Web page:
The Student News Site of Tarrant County College

The Collegian

The Student News Site of Tarrant County College

The Collegian

The Student News Site of Tarrant County College

The Collegian

Public, publisher lose with offensive cover

Viewpoint by John Garces/sports editor

Do yourself a favor if you’re a golf fan. If you happen across the latest issue of Golfweek magazine, don’t even look at it. You should probably go home immediately and take a cold shower as its cover is likely to make your skin crawl.

Recently, a controversy arose in the world of professional golf when Golf Channel anchor Kelly Tilghman made an off-hand comment about Tiger Woods, the world’s top player, and what it would take to dethrone him.

It’s the Golfweek cover, though, that has sunk the episode to new lows.

After listening to her co-anchor, and former two-time Masters champion, Nick Faldo, say they should all gang up on Woods, Tilghman said they should “lynch him in a back alley.”

Comments like these, even in 2008, conjure up memories of the worst period in our country’s history and should never be taken lightly.

Nor should such words be used as grounds to attract people to a magazine.

But that is exactly what the brain trust at Golfweek decided would be appropriate as it produced a cover featuring a noose.

The situation appeared to be dead after Woods, through his management group, issued a statement decrying any malicious intent in the comments and The Golf Channel suspended Tilghman for two weeks. Golfweek gave it life by what PGA Commissioner Tim Finchem declared a “naked attempt to inflame” that “smacked of tabloid journalism.”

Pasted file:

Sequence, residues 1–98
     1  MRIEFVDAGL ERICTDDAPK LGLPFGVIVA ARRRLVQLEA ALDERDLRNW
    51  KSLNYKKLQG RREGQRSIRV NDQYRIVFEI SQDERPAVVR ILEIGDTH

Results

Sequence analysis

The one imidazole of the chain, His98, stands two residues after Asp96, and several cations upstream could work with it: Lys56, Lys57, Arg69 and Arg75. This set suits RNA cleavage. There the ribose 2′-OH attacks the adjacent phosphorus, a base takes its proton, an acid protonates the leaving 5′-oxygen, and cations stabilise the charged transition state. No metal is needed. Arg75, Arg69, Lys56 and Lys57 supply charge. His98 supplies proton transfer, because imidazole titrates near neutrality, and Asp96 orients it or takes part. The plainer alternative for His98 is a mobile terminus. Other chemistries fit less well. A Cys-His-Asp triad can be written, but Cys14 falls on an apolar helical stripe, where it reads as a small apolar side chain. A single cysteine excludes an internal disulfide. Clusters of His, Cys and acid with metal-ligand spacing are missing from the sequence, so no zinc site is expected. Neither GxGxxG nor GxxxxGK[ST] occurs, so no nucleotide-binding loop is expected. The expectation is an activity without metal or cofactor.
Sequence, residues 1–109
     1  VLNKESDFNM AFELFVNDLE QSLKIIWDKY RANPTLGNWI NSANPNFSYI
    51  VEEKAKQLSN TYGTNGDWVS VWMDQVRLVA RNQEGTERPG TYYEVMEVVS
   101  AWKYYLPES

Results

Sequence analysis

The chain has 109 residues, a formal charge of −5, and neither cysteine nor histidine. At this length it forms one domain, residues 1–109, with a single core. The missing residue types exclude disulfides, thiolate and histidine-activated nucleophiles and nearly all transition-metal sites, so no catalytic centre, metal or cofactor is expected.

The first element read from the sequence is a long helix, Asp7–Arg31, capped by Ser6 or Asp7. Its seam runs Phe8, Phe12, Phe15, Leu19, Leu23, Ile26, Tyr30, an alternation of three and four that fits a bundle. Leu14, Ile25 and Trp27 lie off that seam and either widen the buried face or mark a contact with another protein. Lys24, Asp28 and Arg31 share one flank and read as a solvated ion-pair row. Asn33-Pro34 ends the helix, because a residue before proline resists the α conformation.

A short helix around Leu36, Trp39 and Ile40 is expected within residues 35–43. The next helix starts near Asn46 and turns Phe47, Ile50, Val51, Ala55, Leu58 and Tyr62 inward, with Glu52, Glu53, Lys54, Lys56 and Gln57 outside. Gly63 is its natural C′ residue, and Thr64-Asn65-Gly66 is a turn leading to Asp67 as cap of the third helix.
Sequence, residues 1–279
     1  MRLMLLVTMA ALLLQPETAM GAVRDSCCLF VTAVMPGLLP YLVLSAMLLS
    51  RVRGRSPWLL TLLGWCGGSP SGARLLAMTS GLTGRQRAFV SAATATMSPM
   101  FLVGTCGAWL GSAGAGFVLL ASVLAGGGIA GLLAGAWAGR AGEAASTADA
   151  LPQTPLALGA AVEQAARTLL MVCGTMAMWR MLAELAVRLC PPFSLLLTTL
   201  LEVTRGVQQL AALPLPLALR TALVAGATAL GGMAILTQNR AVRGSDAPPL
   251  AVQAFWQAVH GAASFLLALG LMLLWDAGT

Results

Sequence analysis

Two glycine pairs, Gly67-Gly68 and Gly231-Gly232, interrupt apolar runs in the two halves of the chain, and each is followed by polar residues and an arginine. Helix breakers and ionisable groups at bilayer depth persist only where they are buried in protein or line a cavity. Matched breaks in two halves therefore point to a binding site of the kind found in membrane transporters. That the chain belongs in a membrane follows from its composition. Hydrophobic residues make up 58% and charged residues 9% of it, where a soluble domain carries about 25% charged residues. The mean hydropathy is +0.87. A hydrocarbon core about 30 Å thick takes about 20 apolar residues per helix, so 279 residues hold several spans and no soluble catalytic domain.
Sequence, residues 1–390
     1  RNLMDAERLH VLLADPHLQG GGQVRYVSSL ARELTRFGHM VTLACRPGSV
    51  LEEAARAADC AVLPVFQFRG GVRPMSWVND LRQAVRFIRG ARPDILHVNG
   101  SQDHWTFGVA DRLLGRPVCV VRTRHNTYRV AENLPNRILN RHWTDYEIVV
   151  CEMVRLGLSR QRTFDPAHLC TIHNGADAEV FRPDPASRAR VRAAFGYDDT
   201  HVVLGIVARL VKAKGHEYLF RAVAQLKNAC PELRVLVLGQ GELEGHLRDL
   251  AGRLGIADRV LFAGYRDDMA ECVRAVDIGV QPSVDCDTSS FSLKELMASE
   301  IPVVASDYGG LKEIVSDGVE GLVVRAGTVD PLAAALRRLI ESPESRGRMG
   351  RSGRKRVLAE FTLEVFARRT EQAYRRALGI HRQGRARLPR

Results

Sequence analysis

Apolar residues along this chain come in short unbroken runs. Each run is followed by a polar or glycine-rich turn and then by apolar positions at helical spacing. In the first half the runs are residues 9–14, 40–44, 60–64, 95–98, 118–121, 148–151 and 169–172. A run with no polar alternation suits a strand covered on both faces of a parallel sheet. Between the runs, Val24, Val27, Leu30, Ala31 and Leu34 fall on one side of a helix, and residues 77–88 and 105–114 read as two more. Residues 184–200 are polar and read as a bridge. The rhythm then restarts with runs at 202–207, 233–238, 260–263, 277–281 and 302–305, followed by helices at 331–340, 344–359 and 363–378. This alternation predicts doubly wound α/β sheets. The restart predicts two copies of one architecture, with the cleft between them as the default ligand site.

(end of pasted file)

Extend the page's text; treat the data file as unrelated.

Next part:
He’s right on both counts, and, perhaps because of the increasing pressure from advertisers to pull their ads if nothing was done, the magazine has come to the same conclusion, canning its long-time editor and vice-president for authorizing the cover.

The headline on the cover reads “Tilghman slips up, and Golf Channel can’t wriggle free,” but, instead, it’s the magazine, despite its 30 years of previously controversy-free coverage of the sport, that finds itself unable to wriggle out of a situation it created for itself.

History has shown it’s a situation the publishers will have no easy way out of. Even though publishers have pulled the issue from its booth at a PGA trade show, copies can be found on local newsstands.

So, the venom over the cover and the hurtful images it betrays won’t heal for a long time.

Here’s hoping there’s a lesson to be learned in this for everybody.

Tabloid journalism and racism are things we shouldn’t experience in 2008.

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